Full House by Phil Houseal
This weekend, film aficionados from around the world will be drawn to the flickering screens of the Hill Country Film Festival.
The non-urban setting has grown to become one of the most appealing places for independent filmmakers to screen their work and for movie fans to see it, according to those involved at the very beginning.
When I interviewed director and founder Chad Mathews for the very first HCFF back in 2010, he speculated on what the event might become:
“This combination of some really interesting and special films, along with the city of Fredericksburg is just a win-win situation. We hope to grow into what we consider a destination film festival, and hopefully turn it into a really special Texas event.”
My question when I reached him this time was simple: Have you accomplished that?
“I think we have,” he said after what was only a short pause. “What I notice has changed from that first year is that we have grown to have a reputation that’s known throughout the film industry in Texas. That Hill Country hospitality has made it a lot of fun for out-of-town guests, so that people are putting it on their calendar as the one festival to attend.”
The growth in size over eight years is gratifying. From a two-day event using one screen, they now present more than a hundred films on two screens at Fritztown Cinema over four days.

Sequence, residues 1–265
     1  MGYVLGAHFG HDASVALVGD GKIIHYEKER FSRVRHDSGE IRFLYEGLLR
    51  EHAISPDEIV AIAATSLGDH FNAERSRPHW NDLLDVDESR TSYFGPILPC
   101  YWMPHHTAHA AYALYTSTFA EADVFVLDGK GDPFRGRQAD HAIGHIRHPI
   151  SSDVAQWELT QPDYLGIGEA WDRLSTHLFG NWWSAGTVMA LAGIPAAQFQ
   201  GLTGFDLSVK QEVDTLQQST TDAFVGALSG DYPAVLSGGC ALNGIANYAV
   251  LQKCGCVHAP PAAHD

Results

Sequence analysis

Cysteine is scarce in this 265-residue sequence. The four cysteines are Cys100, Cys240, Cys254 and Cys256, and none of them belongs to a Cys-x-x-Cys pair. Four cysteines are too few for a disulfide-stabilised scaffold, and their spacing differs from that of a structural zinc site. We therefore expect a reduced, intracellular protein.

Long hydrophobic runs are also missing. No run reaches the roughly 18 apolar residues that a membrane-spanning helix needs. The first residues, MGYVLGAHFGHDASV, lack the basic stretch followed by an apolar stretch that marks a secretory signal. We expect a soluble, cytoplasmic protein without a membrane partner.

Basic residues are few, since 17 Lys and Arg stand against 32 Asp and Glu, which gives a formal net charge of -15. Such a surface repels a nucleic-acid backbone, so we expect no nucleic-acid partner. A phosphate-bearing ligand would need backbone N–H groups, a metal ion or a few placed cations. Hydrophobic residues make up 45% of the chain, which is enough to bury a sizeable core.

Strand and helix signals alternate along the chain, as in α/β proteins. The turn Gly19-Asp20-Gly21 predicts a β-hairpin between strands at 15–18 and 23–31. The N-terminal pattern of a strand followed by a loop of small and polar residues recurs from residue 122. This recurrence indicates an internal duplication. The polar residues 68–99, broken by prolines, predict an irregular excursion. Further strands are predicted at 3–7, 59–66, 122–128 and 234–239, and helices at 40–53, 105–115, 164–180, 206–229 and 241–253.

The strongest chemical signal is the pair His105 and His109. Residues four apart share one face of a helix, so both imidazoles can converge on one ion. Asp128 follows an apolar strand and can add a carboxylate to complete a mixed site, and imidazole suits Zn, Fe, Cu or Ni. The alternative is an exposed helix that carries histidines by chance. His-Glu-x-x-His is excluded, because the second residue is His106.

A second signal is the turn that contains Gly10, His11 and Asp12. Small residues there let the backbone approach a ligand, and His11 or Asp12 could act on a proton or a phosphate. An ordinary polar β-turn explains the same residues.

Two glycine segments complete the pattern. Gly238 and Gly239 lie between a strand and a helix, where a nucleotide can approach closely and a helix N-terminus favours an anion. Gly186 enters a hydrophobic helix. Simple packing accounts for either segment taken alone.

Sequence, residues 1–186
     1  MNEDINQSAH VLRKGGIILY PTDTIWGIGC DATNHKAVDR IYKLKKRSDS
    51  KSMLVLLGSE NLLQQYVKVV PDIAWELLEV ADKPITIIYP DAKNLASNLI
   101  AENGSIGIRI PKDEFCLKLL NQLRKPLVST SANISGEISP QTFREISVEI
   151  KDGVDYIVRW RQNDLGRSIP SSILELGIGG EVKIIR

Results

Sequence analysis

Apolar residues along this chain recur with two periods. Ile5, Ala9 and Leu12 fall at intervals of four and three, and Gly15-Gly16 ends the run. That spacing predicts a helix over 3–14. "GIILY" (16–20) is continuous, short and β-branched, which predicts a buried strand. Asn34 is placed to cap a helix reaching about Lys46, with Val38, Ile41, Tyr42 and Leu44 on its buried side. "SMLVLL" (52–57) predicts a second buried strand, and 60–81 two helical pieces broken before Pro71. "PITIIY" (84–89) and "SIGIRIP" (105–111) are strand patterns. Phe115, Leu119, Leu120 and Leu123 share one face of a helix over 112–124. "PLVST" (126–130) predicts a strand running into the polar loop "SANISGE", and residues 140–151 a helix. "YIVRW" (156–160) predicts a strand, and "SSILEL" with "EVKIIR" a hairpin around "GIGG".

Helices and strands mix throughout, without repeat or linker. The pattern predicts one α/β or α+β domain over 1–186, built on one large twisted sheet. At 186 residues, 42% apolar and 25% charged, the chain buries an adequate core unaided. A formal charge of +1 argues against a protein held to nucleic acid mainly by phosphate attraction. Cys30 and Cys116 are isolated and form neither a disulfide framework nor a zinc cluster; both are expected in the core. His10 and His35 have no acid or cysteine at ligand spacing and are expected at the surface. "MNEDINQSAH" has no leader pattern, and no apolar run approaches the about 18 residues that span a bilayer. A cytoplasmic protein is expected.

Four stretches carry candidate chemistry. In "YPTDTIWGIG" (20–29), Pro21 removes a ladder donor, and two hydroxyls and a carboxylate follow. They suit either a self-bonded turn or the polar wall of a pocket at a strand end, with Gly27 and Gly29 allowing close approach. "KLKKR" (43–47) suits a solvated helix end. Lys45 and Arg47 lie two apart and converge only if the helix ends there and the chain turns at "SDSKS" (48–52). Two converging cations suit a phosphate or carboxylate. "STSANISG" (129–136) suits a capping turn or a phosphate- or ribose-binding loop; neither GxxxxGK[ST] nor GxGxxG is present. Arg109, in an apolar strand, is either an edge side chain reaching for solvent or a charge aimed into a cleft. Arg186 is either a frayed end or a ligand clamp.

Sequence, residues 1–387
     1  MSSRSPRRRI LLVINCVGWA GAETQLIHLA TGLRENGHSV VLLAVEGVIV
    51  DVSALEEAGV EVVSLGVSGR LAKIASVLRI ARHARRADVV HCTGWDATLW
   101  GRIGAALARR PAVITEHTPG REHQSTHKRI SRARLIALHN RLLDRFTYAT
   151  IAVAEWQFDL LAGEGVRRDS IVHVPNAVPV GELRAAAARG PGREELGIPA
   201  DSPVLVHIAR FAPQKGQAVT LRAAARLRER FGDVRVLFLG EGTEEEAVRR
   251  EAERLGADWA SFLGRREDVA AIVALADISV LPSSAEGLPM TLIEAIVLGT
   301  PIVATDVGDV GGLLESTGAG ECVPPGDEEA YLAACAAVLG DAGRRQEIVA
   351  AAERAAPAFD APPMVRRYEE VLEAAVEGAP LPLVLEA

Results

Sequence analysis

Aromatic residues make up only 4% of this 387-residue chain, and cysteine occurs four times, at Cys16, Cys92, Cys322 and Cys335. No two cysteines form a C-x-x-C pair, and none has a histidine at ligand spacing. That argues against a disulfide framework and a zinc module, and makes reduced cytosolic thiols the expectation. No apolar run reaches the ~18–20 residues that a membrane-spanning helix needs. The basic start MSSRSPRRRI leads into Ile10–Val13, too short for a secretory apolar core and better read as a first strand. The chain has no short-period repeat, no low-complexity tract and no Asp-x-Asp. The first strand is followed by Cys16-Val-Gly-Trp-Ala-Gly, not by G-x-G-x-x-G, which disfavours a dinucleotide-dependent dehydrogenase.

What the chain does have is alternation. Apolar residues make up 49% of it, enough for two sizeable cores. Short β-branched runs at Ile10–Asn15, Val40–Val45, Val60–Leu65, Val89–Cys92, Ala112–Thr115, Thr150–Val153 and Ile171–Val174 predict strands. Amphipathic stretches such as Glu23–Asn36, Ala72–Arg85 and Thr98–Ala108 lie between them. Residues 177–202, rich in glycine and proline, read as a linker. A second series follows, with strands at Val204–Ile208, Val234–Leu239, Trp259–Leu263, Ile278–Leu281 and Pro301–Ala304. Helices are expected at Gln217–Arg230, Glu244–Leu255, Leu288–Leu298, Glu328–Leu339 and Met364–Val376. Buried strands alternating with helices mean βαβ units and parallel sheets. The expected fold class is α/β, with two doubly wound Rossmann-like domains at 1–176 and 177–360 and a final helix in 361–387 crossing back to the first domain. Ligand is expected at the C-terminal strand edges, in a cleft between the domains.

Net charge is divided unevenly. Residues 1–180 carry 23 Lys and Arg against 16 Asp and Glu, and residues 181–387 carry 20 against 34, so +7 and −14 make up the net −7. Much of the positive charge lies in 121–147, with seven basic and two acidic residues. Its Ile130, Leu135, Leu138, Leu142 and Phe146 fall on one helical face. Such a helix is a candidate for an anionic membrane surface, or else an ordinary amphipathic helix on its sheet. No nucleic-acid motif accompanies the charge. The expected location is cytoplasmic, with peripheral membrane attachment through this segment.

Those 100 films are chosen from a mountain of submissions, according to programmer Matt Ward. He personally watched 270 films for this event, which is no big deal as he once watched a movie a day for a year.
“I personally look for films that play well to this community,” Ward said of his selection process. “I’m always looking for something that is family friendly. And there is a quality aspect — it can’t be terrible cinematography or bad acting. That’s a subjective thing, and that is why we have a team of programmers.”
Organizers know that while the content is important, followers don’t just come to sit in a dark room and watch movies. One reason Mathews chose the Hill Country is that he and his sister, Amy Miskovsky, spent many memorable summers here as children.
“We really work the hospitality angle,” said Miskovsky, who is now the Festival Director. “When you come to the theater, it’s like coming into our homes.”
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